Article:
S3 is the boundary of a four dimensional ball. S3 is a three dimensional space and so it should be possible to imagine yourself in S3. Here is my attempt. It is presumably the shape of the universe if one postulates a positive curvature.

I highly recommend this program which is much newer than my text below. Start the program and open Spherical/MirroredTetrahedron.gen. It is sort of the interactive movie version of my story below.


I wake up in free fall. (OK, its called micro gravity now.) I am in a room with a good deal of fog. I am in the corner of the room where three walls meet at right angles. The walls seem flat and indeed I find about a flat, thin, inflexible plate, either side of which fits snugly against the wall. I push myself along one of the room edges where two of the wall meet. Soon I come to another corner of the room. I jump to the (incorrect) conclusion that the room is a cube. Indeed I find only flat walls meeting at right angles and corners where three such walls meet.

I find a marker with which I can leave graffiti. I label each corner indicating which direction I leave and keep notes in my notebook. To make a long story short it turns out that the room has just four corners rather than the eight corners that a cubical room would have. With the corners of the room labeled and my notes I conclude that each room corner is connected to each other corner. The room is connected like a tetrahedron. This despite the walls being (locally) flat and the corners being right angles!

Gradually the fog clears and I can see the whole room. From any corner the room appears to have three flat walls, meeting at my corner. The other wall always appears to be curved like an octant of a sphere, but whenever I go to that curved wall with my plate, it turns out to be flat after all and now the distant walls appear curved.


On one of the walls I find a slit thru which I can pass. I find an identical room. These rooms now share a wall with the slit. I find that the slit propagates and soon the slitted wall has collapsed. I crumple it up and stuff it in my backpack. Where the recent wall met the other walls there is only a seam on the wall that is now twice as big.

The new room is twice as large as either room before. The seam where the recent wall was attached now divides each of the remaining three(!) walls in half. Where the older smaller room had triangular walls the new larger room has three walls each with a fading seam that bisects them. Each of the new walls meet two corners. In fact the new larger room has just two(!) corners, both of which meet each of the three walls. It seems from the center of the room that it must be shaped a bit like a banana. No matter where I go in the room the two corners are in opposite directions from me! Bizarre.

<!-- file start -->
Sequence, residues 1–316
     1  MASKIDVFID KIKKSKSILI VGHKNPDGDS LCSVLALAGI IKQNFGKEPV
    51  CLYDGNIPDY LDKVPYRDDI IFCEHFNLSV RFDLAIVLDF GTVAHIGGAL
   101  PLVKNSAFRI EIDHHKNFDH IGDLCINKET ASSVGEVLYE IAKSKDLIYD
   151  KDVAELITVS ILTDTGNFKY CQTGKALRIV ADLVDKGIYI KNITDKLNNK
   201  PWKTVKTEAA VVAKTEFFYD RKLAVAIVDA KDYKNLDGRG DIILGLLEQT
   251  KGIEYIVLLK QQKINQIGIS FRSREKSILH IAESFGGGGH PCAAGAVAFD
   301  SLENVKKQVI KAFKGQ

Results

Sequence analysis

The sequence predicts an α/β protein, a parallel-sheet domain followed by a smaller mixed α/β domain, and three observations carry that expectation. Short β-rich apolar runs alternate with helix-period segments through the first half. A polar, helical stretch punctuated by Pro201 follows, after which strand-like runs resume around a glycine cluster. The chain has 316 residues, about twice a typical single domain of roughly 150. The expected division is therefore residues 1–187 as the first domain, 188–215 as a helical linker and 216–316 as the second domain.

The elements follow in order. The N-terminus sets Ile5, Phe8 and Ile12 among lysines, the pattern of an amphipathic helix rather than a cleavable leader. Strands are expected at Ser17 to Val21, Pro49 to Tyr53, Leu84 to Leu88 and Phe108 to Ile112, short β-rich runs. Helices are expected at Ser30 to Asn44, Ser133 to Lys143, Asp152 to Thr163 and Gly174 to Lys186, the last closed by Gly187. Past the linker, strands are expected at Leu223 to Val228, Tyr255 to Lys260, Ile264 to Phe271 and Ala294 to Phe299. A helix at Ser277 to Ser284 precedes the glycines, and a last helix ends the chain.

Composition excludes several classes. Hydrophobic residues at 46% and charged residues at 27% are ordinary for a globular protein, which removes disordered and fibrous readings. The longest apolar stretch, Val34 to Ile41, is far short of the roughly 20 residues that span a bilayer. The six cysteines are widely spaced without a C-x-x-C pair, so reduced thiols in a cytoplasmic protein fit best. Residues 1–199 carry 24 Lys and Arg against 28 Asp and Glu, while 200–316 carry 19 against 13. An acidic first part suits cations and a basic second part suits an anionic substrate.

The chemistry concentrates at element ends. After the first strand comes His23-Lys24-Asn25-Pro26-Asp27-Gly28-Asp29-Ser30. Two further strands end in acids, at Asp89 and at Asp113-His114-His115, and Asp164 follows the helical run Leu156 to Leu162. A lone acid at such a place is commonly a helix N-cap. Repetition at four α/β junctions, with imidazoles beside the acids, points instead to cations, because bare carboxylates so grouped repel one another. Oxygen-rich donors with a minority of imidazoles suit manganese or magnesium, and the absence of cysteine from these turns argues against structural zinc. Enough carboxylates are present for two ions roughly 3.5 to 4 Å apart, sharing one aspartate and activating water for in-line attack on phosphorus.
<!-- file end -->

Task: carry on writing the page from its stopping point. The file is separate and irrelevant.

Near a seam I make a slit in another wall. On the other side is a room of the original size. I discover that the seam near which I made the slit is opposite a wall of the new room. I remove that triangular wall as I removed the first wall. At this point the two rooms look just alike. Each has three walls. Each wall is bounded by a right angle room edge where it meets another wall. Each of these three edges terminate in the two ends of the banana.

Now I remove the wall with the second slit. That wall had, of course been separating the two big banana shaped rooms. I detach it from the two walls that it meets. Now I have a room that is four times as big as the original. This room has just two walls and no corners. The two walls meet at right angles. Each of the two walls is circular; they meet like the two crusts of a pie; I am between them; they are flat; yet I am a good distance from either! Each wall retains two seams in the form of a circular diameter. The seams meet at right angles. They are where the old removed walls were attached.


Once more I slit a wall P, near a seam. On the other side I find a room of the original size. I repeat the wall removals on the other size and now there are two pie shaped rooms. With trepidation I remove wall P. Now, of course there is just one wall and no corners or edges. The remaining wall is the equator and divides S3 into two equal pieces. The equator is continuous. I slit the equator and pass thru. I remove the walls that divided the eight rooms on the other side of the equator. I leave the equator intact. I am chicken. I suppose that if I removed the equator I would just see myself off in the moderate distance, like Mr. Tompkins.